In this study, we investigated the prevalence of DS use in Korean children and adolescents. We listed the top 5 most commonly taken DS types and assessed the factors related to DS use using the 4th KNHANES.
About 34% of Korean children and adolescents were taking DS without significant gender difference. There are several studies which investigated the DS intake in different countries. Since the definition of DS use and the period investigated by the survey differed from study to study, a direct comparison and interpretation should be performed with caution. However, the prevalence of DS use in Korean children was very similar to that of the US (32%) (13
), but lower than Canadians (42.5%) (14
). If we restrict analysis only to VMS, the Korean prevalence would be 25.6% (data not shown) which is similar to Germans (25.8%) (15
). The prevalence of DS use of Korean children and adolescents was very similar to Korean adults' (33.8%) (16
). In contrary, the US adults showed higher prevalence (52%) than children and adolescents (32%) (13
The prevalence of DS use was higher in young children, families with higher household income, and in people with chronic disease, regular meal intake, snacks consumption, and normal body weight. These factors suggest that DS intake is associated with a higher socioeconomic status and good personal health behaviors. Foreign studies showed similar results: the DS use was more frequent in whites, people with high household income, high parental education level, easy accessibility to medical service, high physical activity level, short screen time, normal BMI (13
). Studies for adult showed similar findings (2
We found out that children with an adequate energy intake were more likely to take the DS. Considering that calcium and iron are the only two nutrients which do not meet the daily requirement with a normal Korean diet, the DS use might lead to over-nutrition. Kim et al. (6
) reported that the DS users consumed more nutrients than non-users and some nutrients exceeded the daily recommended amount by 60%. Although the DS use might compensate some nutrient deficiencies, it could also lead to overdose of others.
In this study, we showed that children with these chronic diseases were more likely to take DS. Three fourths of our participants with chronic diseases had atopic dermatitis. When we assessed the relationship between atopic dermatitis and the DS use separately, the OR was 1.26 (0.97-1.62) with marginal significance (data not shown). One study with Korean adults reported that DS users rather than non-users believed that the DS use help to relieve fatigue, booster vitality, help memory, delay aging and that the supplementation of vitamins and minerals reduces stress and prevents disease (2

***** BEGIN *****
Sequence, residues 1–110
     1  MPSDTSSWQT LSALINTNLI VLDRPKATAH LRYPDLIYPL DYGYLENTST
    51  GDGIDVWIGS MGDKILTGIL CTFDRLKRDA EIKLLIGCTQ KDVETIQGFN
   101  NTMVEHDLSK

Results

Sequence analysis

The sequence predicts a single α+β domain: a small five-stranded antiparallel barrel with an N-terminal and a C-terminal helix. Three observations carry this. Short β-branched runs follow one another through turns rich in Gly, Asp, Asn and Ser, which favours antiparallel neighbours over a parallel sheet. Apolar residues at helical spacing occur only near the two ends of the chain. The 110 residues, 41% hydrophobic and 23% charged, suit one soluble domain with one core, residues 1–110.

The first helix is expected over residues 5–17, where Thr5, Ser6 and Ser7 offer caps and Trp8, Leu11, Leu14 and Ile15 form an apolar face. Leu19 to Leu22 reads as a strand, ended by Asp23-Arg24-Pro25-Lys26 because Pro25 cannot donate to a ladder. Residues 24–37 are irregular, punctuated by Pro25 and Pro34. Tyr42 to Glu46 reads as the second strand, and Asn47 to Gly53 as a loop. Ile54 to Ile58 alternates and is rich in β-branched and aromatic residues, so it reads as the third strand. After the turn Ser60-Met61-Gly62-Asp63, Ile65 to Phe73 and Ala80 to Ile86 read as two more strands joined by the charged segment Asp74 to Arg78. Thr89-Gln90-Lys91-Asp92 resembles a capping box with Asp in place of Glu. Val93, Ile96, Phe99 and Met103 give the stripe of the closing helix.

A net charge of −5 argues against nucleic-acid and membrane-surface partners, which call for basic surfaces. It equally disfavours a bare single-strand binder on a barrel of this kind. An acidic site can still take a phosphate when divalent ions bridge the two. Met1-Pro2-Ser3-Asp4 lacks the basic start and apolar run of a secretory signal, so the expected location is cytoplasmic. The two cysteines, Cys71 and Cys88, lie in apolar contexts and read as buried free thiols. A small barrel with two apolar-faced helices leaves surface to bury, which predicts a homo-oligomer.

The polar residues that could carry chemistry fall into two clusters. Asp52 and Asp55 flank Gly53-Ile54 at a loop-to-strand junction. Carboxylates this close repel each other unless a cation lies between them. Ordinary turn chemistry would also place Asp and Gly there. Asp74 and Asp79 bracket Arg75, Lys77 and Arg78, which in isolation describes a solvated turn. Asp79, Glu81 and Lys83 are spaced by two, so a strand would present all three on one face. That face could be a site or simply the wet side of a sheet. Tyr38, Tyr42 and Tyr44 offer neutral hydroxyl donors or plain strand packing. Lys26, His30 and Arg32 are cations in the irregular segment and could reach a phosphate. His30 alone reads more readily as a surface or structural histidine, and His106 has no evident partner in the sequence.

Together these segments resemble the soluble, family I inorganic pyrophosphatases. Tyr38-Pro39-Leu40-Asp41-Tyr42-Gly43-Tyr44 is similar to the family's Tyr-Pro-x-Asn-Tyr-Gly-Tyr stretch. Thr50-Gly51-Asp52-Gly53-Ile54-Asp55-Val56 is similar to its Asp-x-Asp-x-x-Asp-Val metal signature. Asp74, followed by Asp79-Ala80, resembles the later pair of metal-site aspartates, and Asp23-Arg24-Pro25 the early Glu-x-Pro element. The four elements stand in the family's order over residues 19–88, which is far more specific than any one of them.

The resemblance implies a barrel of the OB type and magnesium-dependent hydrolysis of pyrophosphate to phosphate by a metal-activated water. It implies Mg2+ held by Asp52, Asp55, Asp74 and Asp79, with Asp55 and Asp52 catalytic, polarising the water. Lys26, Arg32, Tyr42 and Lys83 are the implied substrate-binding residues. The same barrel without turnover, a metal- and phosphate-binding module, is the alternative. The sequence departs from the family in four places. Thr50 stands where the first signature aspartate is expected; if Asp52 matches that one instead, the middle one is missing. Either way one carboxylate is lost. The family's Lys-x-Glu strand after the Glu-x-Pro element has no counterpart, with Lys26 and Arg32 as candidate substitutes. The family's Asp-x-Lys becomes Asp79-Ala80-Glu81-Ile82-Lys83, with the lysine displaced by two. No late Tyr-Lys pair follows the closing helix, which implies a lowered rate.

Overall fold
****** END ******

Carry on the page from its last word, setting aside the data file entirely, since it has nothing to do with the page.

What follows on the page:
). The belief on positive effect of DS might be the key factor to use DS when the children are diagnosed with chronic diseases. We cautiously suggest that the higher consumption rate in children with chronic diseases might reflect that the DS use in Korean children and adolescents are not used solely for health promotion, but also for the treatment of diseases.
An interesting finding was that the preschooler group (2-6 yr) had the highest prevalence of DS use with 34.1% among children and adolescents. This is similar to the results from Germany with a prevalence of 50.9% among the 2-4 yr old (15
), and those from the US with 30%-43% among 2-8 yr old children (13
). Young children develop basic health behaviors and dietary habit in this age group. They start to shape food preference (22
). Children might be picky and have unhealthy eating habits (23
). The aim of DS use in this age group is to increase appetites, prevent not-serious diseases like common cold, improve cognition, help growth, and compensate irregular eating patterns (17
). The DS use decreases with age first, then it increases in high school age group again, when the children are preparing for the college scholastic ability test.